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Soap Making: How to Combat Scent Fading

Soap Making: How to Combat Scent Fading

Selecting a combination of essential oils or fragrance oil to scent a soap recipe is a favorite part of the process for many of us. Some aromas can even inspire the colors, additives, and designs we use in a batch of soap. Nothing is more disappointing than picking up a cured bar from your latest batch of soap and realizing that parts or all of that amazing scent have faded away. Cold process soap making is a harsh environment and some essential oils and fragrance oils are sensitive to the changes in temperature and pH level that happen along the way. 

Below we’ll go over some tips on making aroma last longer in our soap.

Use the Right Amount

Usage rates play an important role in the retention of scent. For a powerful scent, you can add around .8 ounces of fragrance or essential oil per pound of cold process soap. This number will vary some based on the specific essential or fragrance oils being used. We should always be sure to research the usage rates of any oils we want to add to soap and let that help inform our decisions on how to best use it. 

Anchor the Scent

One thing we can do to help our scent stay in our soap is to choose oils that are less prone to fading in the first place. Citrus oils, like lemon, sweet orange, and grapefruit, light florals like lavender and chamomile are essential oils that we would love to use in soap but their scent tends to fade during the soap making process or shortly after. When we want to use an essential oil or two that may fade in soap, it is best to combine them with oils that have more staying power to help anchor the scent. Generally, base notes are scents that will hold best in cold process soap but they are not the only option for anchoring a blend.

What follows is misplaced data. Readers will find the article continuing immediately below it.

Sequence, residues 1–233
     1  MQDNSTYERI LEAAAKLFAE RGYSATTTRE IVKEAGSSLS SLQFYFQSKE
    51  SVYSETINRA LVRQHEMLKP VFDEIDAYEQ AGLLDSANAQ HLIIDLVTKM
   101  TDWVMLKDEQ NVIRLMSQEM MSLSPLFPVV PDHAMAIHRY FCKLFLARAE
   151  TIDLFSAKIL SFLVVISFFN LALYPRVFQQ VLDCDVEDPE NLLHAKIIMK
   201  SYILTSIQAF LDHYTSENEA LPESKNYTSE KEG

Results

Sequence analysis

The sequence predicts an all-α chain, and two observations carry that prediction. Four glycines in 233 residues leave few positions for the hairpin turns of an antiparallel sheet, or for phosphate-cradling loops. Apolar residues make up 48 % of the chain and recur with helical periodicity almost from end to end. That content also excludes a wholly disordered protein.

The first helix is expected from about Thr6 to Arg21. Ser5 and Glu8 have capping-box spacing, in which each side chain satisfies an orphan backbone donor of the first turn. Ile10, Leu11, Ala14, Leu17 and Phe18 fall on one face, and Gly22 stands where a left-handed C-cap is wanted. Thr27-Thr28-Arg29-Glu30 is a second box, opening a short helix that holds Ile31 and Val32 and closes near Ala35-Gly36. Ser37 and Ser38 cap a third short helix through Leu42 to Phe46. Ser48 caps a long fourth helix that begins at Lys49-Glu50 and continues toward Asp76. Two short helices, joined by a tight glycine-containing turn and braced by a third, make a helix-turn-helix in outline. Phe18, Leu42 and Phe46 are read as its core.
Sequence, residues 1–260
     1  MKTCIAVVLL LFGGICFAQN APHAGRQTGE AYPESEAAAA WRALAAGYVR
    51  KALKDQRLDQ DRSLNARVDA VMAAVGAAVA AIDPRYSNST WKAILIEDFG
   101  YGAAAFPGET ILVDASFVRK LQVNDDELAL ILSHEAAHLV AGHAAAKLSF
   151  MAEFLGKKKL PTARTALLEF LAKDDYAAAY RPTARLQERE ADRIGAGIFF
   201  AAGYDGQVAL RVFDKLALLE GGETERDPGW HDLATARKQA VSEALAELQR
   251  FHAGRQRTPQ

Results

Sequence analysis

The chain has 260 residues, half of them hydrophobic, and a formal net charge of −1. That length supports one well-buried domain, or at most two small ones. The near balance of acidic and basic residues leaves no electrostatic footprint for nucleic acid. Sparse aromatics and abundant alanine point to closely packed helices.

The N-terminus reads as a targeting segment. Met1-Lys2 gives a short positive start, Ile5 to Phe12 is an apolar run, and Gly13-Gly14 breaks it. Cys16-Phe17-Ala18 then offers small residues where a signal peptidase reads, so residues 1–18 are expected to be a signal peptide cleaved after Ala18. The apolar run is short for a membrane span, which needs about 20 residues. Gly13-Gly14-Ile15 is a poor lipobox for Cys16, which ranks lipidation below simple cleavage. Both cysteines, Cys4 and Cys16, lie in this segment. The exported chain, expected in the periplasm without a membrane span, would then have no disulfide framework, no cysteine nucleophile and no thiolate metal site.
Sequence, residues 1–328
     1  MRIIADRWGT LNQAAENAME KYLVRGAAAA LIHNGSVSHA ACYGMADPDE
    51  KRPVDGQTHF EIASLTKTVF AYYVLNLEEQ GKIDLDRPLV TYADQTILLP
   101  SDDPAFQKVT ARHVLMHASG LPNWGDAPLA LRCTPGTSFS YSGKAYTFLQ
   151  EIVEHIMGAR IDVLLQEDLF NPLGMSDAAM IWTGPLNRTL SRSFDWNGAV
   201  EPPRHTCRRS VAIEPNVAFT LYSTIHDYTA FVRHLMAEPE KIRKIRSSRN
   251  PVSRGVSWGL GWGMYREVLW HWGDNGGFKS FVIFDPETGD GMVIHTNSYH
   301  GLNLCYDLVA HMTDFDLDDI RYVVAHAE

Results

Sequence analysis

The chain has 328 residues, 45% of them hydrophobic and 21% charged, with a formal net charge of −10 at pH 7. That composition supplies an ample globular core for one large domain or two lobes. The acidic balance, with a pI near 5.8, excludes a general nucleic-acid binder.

There are a variety of essential oils that do well in soap and help to anchor fragrance blends. Below is a list of some of our favorites.

Aroma anchors for deep, spicy blends:

Aroma anchors for fruity, floral blends:

Aroma anchors for fresh, herbal blends:

Pick the Right Oil

Citrus essential oils are one of the top culprits for scent fading so more concentrated or folded versions of those essential oils, like Orange 5X, can help lessen scent fading as well. Fragrance oils are another great option for anchoring essential oil blends or being used on their own to scent a cold process soap recipe. They generally have an intense aroma and their formulas are not as sensitive to the soap making process. 

Popular fragrance oils for soap making:

Using Clay and Other Dry Additives

This may surprise some, but certain types of dry additives can also help scents stay in soap longer, especially clay. Clay is very fine and absorbent, allowing it to soak up some of the essential oils in the soap while the other excess liquid evaporates away. Clay has the added benefit of adding a nice slip to the soap and some varieties can also lend a subtle color to the finished bar. Cornstarch and other starches are also popular options with similar benefits.

Correct Storage

Curing is the last step to the soap-making process and another place where we can help to ensure that our beautiful scents stay in the bar. Soap should be placed in a cool, dry place out of direct sunlight to cure. Avoiding any additional heat or sunlight will help reduce scent fading in this crucial final step.


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